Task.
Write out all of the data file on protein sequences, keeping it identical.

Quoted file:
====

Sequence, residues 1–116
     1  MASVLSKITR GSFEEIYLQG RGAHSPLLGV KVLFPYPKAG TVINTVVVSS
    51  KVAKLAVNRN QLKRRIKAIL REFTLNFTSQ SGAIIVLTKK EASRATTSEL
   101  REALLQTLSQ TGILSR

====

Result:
Sequence, residues 1–116
     1  MASVLSKITR GSFEEIYLQG RGAHSPLLGV KVLFPYPKAG TVINTVVVSS
    51  KVAKLAVNRN QLKRRIKAIL REFTLNFTSQ SGAIIVLTKK EASRATTSEL
   101  REALLQTLSQ TGILSR